We will not cover emergency stopping methods such as the pulley rein in this article, as a bolting horse is not something a child or novice is going to be able to handle very well. If you’re a beginner, ride only trained horses with a good ‘stop’ and only under the direction of a knowledgeable horse person. Says coach, judge and trainer Kitty Bowland, ‘Don’t ride, or allow any beginner to ride, a known speed demon. Only a professional should have to deal with this problem.’ However, providing you have a good coach and a well-trained horse, learning speed control at the lope and canter is an important and necessary skill.
In english riding, half-halts (or “checks” if you ride western) are applied at the moment of suspension, when all four legs are off the ground, right after the leading foreleg lands. A good half-halt (which is just as it sounds, a ‘mini-halt’ cue) begins with your deepened seat – a result of your flexed abdominal (stomach) muscles causing your seat bones to tuck under and be still and your lower back to flatten. At the same time, your legs will encourage your horse to continue to move forward. The amount of pressure you apply with the reins will depend on the level of the horse’s training and the response you want to achieve.
If you’re a seasoned riding student, you’ve probably heard the words ‘squeeze and release’ many times! In some cases, however, you may actually need to take back with a movement of the upper arm while you sit deep and brace your back. Always keep the intensity of your half-halts at the lowest level possible, and be sure to release after each successful reaction. Using half-halts properly will also improve your horse’s balance and self-carriage.
If you’ve got a well-trained western horse with the right conformation, sitting deeply will often be cue enough for the horse to slow down. For the hard puller, reining trainer Casey Deary of Texas says, ‘If you have a horse that, when you take up both reins, just wants to pull you out of the saddle, you can lift one rein – moving it back instead of lifting up; turn his head to the side, and continue to lope forward.’ As with all speed corrections, relax the rein as soon as the horse softens against it.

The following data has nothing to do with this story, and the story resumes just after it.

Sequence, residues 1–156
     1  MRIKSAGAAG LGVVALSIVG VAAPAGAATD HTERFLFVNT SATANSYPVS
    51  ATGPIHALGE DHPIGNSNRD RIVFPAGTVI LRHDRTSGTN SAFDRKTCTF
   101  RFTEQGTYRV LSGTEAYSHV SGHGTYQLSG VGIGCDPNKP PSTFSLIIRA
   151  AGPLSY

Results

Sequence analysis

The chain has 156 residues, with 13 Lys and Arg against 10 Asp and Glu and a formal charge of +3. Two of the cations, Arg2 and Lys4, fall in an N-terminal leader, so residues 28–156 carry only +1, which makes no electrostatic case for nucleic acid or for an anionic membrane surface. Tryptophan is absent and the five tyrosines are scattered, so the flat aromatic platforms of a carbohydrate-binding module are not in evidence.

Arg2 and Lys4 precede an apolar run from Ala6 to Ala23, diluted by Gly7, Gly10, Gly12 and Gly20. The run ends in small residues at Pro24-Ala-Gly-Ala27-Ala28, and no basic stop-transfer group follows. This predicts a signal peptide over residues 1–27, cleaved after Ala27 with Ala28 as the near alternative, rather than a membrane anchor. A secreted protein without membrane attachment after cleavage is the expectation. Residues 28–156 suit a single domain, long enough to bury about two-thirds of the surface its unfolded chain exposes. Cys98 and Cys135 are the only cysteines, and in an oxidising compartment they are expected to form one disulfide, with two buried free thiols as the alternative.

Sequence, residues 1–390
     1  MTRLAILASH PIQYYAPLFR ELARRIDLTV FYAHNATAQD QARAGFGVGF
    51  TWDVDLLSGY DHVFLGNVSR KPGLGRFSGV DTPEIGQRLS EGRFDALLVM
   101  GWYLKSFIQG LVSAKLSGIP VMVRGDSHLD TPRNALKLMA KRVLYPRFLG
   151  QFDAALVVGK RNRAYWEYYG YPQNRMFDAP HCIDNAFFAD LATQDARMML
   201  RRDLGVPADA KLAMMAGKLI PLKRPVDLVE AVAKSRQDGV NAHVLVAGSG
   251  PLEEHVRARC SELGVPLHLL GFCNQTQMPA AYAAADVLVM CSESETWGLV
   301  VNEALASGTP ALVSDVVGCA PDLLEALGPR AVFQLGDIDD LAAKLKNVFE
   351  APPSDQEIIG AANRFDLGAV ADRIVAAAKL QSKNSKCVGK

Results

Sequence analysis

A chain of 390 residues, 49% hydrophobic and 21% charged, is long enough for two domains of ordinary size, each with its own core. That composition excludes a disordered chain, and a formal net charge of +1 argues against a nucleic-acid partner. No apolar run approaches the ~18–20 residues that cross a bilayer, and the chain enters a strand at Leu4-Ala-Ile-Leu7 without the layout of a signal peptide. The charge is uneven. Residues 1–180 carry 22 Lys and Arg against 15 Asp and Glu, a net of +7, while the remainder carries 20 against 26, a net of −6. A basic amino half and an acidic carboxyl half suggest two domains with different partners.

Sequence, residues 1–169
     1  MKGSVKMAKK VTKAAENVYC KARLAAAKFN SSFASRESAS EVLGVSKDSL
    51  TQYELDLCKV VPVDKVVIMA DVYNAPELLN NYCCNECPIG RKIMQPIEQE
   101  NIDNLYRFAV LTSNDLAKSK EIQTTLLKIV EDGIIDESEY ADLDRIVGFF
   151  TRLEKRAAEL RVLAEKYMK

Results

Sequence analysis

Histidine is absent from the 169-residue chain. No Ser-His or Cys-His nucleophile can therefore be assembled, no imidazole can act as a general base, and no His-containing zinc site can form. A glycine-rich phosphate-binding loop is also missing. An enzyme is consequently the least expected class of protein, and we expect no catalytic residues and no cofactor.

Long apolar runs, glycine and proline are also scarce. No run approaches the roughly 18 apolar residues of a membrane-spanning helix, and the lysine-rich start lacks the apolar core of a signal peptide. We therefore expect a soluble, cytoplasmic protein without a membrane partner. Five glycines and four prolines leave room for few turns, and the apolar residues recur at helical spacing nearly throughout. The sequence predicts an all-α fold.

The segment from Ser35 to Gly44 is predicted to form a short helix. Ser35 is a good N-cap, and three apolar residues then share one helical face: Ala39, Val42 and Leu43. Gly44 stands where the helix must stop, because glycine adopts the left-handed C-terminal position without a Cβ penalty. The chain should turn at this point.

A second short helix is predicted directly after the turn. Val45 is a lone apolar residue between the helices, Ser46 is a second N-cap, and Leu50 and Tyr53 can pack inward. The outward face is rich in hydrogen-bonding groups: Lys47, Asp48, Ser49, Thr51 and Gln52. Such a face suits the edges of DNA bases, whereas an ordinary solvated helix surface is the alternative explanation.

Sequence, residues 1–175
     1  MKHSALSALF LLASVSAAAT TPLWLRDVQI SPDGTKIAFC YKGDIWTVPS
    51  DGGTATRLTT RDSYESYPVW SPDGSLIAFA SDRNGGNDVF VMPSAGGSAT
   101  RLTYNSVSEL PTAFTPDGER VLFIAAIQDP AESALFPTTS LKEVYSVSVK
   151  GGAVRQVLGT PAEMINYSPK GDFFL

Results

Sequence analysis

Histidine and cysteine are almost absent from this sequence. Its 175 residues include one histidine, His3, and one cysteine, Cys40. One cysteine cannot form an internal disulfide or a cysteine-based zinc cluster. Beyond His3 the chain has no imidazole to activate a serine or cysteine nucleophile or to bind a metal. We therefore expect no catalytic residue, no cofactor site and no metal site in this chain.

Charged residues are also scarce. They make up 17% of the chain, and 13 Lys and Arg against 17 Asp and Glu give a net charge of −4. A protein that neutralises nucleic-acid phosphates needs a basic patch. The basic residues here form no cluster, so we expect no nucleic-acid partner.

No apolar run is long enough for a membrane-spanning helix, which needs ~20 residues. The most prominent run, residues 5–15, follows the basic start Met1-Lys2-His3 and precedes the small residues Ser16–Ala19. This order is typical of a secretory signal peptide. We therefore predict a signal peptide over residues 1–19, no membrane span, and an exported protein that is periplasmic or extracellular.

You can also work on an exercise to really get your horse listening to you where you lope for 16 strides, stop and back up three or four steps; lope 14 strides, stop and back up; then do 12 strides, stop and back up; and so on until you are down to 6 strides. Be sure to do this both ways of the ring.
Slow & Steady Tips
Check Your Tack
An ill-fitting saddle, poorly positioned bit, pinching girth or other tack problems can cause your horse to be uncomfortable or anxious, which can cause him to pull or rush.
Make sure your warmup is sufficient, whether it involves lungeing your horse to relax him, or 20 minutes of walking and slow trotting/jogging. There is no point doing canter work if he is still too fresh.
Front to Back
Whether you ride western or english, realize that a good slow lope or canter simply can’t be achieved until your horse has mastered balance. A horse must lope properly before it can lope slowly. Some horses are built ‘downhill’ and just don’t have the conformation to easily maintain their balance at a slow speed. You can help increase strength in their quarters and overall balance by doing slow hill work, which develops muscles in the hindquarters and teaches the horse to get his hind legs under his body and his weight off his forehand.
Rather than flying endlessly around the ring at a canter or lope that gets faster and faster, work on transitions (gait changes), such as walk/trot, trot/canter, walk/canter, canter/trot, trot/walk and canter/walk. This keeps your horse listening to you, and gets his quarters under him and his weight off his forehand so that he is not leaning on your hands.
Start with a large circle and pick up a controlled lope or canter. If the horse speeds up, make the circle a bit smaller, but keep him straight, not overbent to the inside or outside.
Good breathing is important for speed control. Shallow breaths and tension in a rider can cause a horse to speed up, while deep breaths not only encourage relaxation, but also improve your position by keeping your shoulders back. A steady inhale and a long, deep exhale can help to keep you centred and your horse calm.